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UNPUBLISHED

UNITED STATES COURT OF APPEALS


FOR THE FOURTH CIRCUIT

No. 05-4331

UNITED STATES OF AMERICA,


Plaintiff - Appellee,
versus
JAMES VINCENT BOYD,
Defendant - Appellant.

Appeal from the United States District Court for the District of
South Carolina, at Florence.
Terry L. Wooten, District Judge.
(CR-04-161)

Submitted:

February 28, 2006

Decided:

April 11, 2006

Before MOTZ, TRAXLER, and KING, Circuit Judges.

Affirmed by unpublished per curiam opinion.

D. Craig Brown, Florence, South Carolina, for Appellant. Jonathan


Scott Gasser, Acting United States Attorney, Columbia, South
Carolina, Rose Mary Parham, Assistant United States Attorney,
Florence, South Carolina, for Appellee.

Unpublished opinions are not binding precedent in this circuit.


See Local Rule 36(c).

PER CURIAM:
James Vincent Boyd appeals his ninety-month sentence
imposed after he pled guilty to possession of a firearm by a
convicted felon, in violation of 18 U.S.C. 922(g)(1)(2000).
Counsel for Boyd has filed an Anders* brief, in which he states
that there are no meritorious issues for appeal, but suggests that
the district court erred in departing upward from the sentencing
guidelines range under U.S. Sentencing Guidelines Manual 4A1.3
(2003) in sentencing Boyd.

Boyd was advised of his right to file

a pro se supplemental brief, but did not file a brief.


A pre-sentence investigation report (PSR) was prepared.
The

PSR

calculated

base

offense

level

of

20

under

USSG

2K2.1(a)(4)(A). After reducing the offense level by three levels


for acceptance of responsibility, the total offense level was 17.
Boyd had an extensive criminal history, with a criminal history
score of 27, plus two additional points for committing the offense
while

on

supervised

release,

and

one

additional

point

for

committing the offense less than two years after his release from
custody, for a total score of 30, placing him well beyond the 13
points needed for criminal history category VI.

The resulting

guideline range was 51-63 months of imprisonment.


The Government moved for an upward departure under USSG

4A1.3,

on

the

basis

that

Boyds

criminal

Anders v. California, 386 U.S. 738 (1967).


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history

category

significantly under-represented the seriousness of Boyds past


criminal conduct and the likelihood of recidivism.
the motion.

Boyd opposed

He argued that he was not a serious threat to the

public welfare, and that the provisions for forming the basis of an
upward departure under 4A1.3(a)(2) did not apply to his case.
The

district

court

concluded

that

an

upward

departure

was

warranted, determined that a departure to offense level 21 in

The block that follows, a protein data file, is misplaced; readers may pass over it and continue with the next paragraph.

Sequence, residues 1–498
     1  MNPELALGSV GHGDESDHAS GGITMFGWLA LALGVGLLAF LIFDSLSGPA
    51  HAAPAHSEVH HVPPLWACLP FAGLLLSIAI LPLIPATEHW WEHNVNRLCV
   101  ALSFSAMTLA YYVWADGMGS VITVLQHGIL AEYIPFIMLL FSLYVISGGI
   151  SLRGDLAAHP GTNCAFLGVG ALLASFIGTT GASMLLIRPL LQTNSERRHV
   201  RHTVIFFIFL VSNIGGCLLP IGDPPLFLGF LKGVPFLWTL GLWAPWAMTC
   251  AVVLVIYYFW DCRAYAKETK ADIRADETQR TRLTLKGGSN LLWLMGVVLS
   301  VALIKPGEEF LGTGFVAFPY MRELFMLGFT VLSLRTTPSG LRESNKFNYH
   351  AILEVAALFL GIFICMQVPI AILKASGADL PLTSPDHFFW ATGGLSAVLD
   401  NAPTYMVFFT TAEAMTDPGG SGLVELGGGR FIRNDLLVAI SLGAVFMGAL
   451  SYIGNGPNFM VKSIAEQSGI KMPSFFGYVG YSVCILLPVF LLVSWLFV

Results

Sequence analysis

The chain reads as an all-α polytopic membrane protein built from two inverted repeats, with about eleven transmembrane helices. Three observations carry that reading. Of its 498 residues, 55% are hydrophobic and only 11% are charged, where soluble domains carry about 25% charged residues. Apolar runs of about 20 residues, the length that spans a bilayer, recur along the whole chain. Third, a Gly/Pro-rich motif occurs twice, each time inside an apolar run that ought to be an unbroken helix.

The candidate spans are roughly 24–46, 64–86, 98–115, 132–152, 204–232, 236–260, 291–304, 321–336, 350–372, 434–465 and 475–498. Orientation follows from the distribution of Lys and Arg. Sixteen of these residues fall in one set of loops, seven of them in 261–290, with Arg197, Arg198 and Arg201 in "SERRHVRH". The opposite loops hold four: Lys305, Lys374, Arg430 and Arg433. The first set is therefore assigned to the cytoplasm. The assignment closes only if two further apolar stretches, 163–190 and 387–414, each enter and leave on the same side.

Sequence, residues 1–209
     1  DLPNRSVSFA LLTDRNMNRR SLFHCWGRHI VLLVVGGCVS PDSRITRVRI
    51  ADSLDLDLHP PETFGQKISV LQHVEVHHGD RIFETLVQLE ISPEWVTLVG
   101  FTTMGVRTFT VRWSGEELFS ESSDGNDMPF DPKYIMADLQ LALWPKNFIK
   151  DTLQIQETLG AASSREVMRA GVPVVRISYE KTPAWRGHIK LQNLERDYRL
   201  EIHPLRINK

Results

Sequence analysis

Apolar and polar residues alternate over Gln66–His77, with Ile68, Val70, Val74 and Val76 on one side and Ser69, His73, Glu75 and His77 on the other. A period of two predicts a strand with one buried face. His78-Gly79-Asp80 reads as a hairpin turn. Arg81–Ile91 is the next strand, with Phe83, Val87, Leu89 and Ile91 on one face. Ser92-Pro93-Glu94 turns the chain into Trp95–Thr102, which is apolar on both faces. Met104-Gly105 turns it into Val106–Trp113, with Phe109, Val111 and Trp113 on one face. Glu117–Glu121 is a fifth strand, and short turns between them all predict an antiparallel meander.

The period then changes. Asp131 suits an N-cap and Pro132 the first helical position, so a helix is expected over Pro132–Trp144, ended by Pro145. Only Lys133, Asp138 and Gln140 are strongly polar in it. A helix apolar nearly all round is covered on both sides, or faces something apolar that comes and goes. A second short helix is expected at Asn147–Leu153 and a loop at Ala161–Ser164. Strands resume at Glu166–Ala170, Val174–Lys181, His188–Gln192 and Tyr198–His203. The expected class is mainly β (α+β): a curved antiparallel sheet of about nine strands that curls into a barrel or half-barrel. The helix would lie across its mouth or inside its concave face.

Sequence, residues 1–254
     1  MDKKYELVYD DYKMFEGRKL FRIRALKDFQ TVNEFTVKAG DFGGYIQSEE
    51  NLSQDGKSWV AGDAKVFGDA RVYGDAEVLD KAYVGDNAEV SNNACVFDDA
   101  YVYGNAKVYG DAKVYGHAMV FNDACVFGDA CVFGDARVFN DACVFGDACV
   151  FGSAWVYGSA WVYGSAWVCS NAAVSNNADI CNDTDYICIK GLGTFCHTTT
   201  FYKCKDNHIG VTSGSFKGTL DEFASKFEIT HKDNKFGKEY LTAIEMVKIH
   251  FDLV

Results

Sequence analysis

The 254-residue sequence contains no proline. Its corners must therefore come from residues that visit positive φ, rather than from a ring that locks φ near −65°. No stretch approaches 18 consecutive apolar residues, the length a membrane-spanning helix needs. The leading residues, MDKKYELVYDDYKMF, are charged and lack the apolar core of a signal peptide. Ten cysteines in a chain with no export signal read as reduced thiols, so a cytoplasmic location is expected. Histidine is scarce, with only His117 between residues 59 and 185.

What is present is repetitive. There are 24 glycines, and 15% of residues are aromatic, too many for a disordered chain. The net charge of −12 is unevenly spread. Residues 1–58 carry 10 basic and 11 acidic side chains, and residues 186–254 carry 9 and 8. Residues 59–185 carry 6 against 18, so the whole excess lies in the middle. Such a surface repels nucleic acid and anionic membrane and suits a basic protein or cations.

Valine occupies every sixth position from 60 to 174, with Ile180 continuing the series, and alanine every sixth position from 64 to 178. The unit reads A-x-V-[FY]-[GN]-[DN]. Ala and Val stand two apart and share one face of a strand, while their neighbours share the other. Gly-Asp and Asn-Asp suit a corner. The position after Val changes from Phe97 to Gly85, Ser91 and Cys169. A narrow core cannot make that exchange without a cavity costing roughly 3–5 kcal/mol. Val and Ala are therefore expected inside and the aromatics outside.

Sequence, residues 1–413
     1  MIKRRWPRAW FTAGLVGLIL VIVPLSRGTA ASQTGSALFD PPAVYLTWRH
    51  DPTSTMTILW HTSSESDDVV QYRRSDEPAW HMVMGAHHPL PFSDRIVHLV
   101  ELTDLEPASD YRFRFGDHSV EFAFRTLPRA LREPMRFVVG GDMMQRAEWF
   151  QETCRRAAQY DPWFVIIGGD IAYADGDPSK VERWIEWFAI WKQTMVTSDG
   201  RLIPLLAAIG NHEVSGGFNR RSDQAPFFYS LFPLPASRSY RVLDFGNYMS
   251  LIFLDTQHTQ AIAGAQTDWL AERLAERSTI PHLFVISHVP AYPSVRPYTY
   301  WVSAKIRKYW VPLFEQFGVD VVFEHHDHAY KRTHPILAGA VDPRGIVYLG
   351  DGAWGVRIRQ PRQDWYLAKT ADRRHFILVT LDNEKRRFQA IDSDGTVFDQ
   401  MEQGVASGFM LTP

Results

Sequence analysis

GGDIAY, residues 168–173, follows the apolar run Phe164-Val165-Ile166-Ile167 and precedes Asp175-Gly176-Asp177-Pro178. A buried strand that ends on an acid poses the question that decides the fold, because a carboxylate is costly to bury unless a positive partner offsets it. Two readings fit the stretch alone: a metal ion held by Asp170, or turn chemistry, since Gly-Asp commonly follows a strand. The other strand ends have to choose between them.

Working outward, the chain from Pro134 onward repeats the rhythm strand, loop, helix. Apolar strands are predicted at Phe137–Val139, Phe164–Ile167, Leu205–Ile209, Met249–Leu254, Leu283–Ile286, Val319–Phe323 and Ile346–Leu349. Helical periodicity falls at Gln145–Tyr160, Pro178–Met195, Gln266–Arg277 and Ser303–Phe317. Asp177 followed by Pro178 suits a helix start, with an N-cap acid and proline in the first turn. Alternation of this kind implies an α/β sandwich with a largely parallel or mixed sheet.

criminal history category VI was appropriate, and sentenced Boyd to
ninety months of imprisonment.
On appeal, Boyd repeats his arguments that an upward
departure was not warranted in this case. If reliable information
indicates

that

the

defendants

criminal

history

category

substantially under-represents the seriousness of the defendants


criminal history or the likelihood that the defendant will commit
other

crimes,

4A1.3(a)(1).

an

upward

departure

may

be

warranted.

USSG

We have noted that [s]ection 4A1.3 was drafted in

classic catch-all terms for the unusual but serious situation where
the criminal history category does not adequately reflect past
criminal conduct or predict future criminal behavior.
States v. Lawrence, 349 F.3d 724, 730 (4th Cir. 2003).

United
In

determining whether an upward departure from Criminal History


Category VI is warranted, the court should consider that the nature
of the prior offenses rather than simply their number is often more
indicative of the seriousness of the defendants criminal record.

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USSG 4A1.3 comment. (n.2(B)).

In deciding the extent of a

departure in the case of a defendant who is already in criminal


history category VI, the court should structure the departure by
moving incrementally down the sentencing table to the next higher
offense level in Criminal History Category VI until it finds a
guideline range appropriate to the case.

USSG 4A1.3(a)(4)(B).

Our review of the record reveals that the district court


explained in detail its decision that an upward departure was
appropriate in this case, as well as its reasoning supporting a
conclusion that the intervening offense levels 18 through 20 did
not adequately address the inadequacy of Boyds criminal history.
We

conclude

that,

under

either

reasonableness

or

abuse

of

discretion standard of review, the district court did not err in


its decision to depart upward, or in its selection of the ultimate
sentence in this case.
In accordance with Anders, we have reviewed the entire
record in this case and have found no meritorious issues for
appeal.

We therefore affirm Boyds conviction and sentence.

This

court requires that counsel inform his client, in writing, of his


right to petition the Supreme Court of the United States for
further review.

If the client requests that a petition be filed,

but counsel believes that such a petition would be frivolous, then


counsel

may

move

representation.

in

this

court

for

leave

to

withdraw

from

Counsels motion must state that a copy thereof

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was served on the client.

We dispense with oral argument because

the facts and legal contentions are adequately presented in the


materials

before

the

court

and

argument

would

not

aid

the

decisional process.

AFFIRMED

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